Doctor of Philosophy
Chemical and Biochemical Engineering
A rapid and inexpensive method for the production of protein is crucial for the biopharmaceutical industry. The bottleneck in the case of genetically engineered systems lies in the recovery of active and properly refolded proteins from inclusion bodies. The correct refolding of a protein from its denatured state is dependent on several parameters including the concentration of the protein, the refolding buffers utilized, the approach employed and finally the type of refolding additives, if any, used in the process.
In this study, an emerging class of refolding additives, namely, ionic liquids were investigated for the refolding of denatured lysozyme protein. Lysozyme was used as a model system due to its rapid refolding kinetics and the fact that enzyme based assay could be carried out to measure the refolding yields. The ionic liquids selection was hypothesized based on the selection of cation and anion that constitute the ionic liquid. The efficacy of Imidazolium based ionic liquids as refolding additives was compared to conventional refolding approach that contains urea and redox-couple cysteine/cystine. Using response surface methodology (RSM) and central composite design (CCD), an empirical model was developed and validated by experimental results. Different refolding strategies were also evaluated; dilution refolding, adsorptive on column packed bed refolding and adsorptive on column fluidized bed refolding.
Experimental results indicate that in comparison to the conventional refolding buffer, among different ionic liquids examined, ionic liquid [EMIM]Cl has a pronounced effect on the refolding yield and time required to refold the denatured lysozyme. The optimal conditions were identified in this study as 150 μg/ml of denatured lysozyme in presence of 75 mM [EMIM] Cl in 50 mM HEPES buffer (pH 7.5). On-column refolding studies indicate that in comparison to the packed bed system, the fluidized bed ion-exchange system approach, with [EMIM] Cl as the elution-refolding buffer could tolerate higher concentration of denatured lysozyme (up to 25 mg) with refolding yield ca. 90% and fractional mass recovery ca. 82%. This was due to potentially lower mass transfer limitations in the fluidized bed compared to the packed bed. Thus, the versatility of ionic liquids coupled with on-column adsorptive refolding can possibly be the solution to the large scale downstream processing of proteins.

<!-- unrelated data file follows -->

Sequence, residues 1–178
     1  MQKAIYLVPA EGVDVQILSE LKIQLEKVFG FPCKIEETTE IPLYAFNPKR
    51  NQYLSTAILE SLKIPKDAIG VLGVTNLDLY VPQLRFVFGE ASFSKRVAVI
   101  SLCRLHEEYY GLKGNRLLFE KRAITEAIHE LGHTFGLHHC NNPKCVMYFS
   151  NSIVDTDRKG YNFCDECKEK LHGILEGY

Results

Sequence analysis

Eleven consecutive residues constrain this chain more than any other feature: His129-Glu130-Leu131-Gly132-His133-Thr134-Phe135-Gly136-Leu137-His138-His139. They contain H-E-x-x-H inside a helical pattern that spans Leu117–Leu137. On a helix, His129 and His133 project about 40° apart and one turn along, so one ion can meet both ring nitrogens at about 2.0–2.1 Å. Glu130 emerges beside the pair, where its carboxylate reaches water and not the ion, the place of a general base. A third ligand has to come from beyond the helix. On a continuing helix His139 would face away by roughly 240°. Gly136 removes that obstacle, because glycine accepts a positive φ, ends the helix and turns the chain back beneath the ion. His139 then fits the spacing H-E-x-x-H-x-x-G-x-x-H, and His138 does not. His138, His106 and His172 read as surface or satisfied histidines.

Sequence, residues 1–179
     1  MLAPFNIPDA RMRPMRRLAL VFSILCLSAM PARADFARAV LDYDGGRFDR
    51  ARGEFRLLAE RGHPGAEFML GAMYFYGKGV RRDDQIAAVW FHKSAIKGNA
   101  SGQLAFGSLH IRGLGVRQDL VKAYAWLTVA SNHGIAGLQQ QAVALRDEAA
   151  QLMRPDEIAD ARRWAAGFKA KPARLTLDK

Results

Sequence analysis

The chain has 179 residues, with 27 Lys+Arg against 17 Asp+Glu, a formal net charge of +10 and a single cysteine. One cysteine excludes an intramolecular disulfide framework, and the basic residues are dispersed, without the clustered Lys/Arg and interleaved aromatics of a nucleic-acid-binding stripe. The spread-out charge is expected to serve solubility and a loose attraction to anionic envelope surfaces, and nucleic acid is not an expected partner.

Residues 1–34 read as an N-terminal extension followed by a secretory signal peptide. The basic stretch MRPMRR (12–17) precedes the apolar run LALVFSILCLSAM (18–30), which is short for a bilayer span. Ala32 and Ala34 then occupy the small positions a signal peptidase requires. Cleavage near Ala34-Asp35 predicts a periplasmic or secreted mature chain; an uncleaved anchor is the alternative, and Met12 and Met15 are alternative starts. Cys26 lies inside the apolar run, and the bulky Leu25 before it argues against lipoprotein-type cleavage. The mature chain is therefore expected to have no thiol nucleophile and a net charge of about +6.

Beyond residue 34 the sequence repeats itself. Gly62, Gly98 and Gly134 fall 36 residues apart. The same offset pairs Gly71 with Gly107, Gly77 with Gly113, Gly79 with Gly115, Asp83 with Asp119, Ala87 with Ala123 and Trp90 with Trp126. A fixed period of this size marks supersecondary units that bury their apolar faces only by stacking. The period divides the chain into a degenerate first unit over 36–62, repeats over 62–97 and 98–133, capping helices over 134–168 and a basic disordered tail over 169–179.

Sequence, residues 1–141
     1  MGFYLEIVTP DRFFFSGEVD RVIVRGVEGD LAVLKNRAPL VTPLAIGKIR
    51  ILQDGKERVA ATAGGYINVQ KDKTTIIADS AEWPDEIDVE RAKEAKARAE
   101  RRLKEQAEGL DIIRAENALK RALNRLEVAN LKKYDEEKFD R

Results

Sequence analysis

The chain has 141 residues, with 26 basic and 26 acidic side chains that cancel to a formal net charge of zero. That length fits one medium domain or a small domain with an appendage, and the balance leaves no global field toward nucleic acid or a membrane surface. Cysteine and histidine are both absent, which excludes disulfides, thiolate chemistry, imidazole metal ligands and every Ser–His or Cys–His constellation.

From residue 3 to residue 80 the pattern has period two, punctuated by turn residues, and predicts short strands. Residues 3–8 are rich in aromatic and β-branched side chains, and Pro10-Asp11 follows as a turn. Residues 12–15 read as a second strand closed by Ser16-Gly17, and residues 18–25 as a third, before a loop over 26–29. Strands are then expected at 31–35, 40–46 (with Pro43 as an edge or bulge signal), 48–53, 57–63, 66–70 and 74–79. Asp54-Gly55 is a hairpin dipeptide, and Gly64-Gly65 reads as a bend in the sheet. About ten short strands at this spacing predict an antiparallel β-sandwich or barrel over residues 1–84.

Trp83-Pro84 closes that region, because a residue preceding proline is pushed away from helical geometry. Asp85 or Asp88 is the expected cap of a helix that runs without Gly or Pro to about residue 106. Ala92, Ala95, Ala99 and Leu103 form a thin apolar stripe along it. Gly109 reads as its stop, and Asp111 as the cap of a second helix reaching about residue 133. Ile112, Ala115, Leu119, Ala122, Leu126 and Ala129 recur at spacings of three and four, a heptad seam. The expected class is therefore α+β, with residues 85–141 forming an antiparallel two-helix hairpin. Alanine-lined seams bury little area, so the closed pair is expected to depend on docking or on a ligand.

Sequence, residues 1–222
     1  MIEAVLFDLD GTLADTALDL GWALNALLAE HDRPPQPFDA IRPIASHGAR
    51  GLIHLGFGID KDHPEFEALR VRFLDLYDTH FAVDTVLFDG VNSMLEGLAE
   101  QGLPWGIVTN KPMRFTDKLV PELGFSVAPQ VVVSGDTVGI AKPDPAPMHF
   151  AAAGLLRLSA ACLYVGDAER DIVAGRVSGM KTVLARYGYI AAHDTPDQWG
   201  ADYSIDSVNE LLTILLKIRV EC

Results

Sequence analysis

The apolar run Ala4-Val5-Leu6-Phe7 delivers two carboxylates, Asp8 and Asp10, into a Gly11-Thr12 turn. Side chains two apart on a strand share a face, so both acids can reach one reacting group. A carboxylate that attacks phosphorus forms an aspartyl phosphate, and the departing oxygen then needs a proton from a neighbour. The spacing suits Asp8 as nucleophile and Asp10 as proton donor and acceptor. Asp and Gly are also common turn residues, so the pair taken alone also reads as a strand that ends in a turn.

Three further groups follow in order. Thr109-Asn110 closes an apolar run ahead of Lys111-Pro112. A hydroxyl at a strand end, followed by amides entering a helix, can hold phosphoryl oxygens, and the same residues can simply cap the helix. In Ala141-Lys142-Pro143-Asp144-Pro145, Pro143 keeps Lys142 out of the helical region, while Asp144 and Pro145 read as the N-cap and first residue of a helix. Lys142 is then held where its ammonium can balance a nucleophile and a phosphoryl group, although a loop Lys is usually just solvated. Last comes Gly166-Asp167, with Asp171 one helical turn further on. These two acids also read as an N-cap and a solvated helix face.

Kaur, Harpreet, "Investigation of Lysozyme Refolding Using Ionic Liquids as Refolding Additives" (2013). Electronic Thesis and Dissertation Repository. 1726.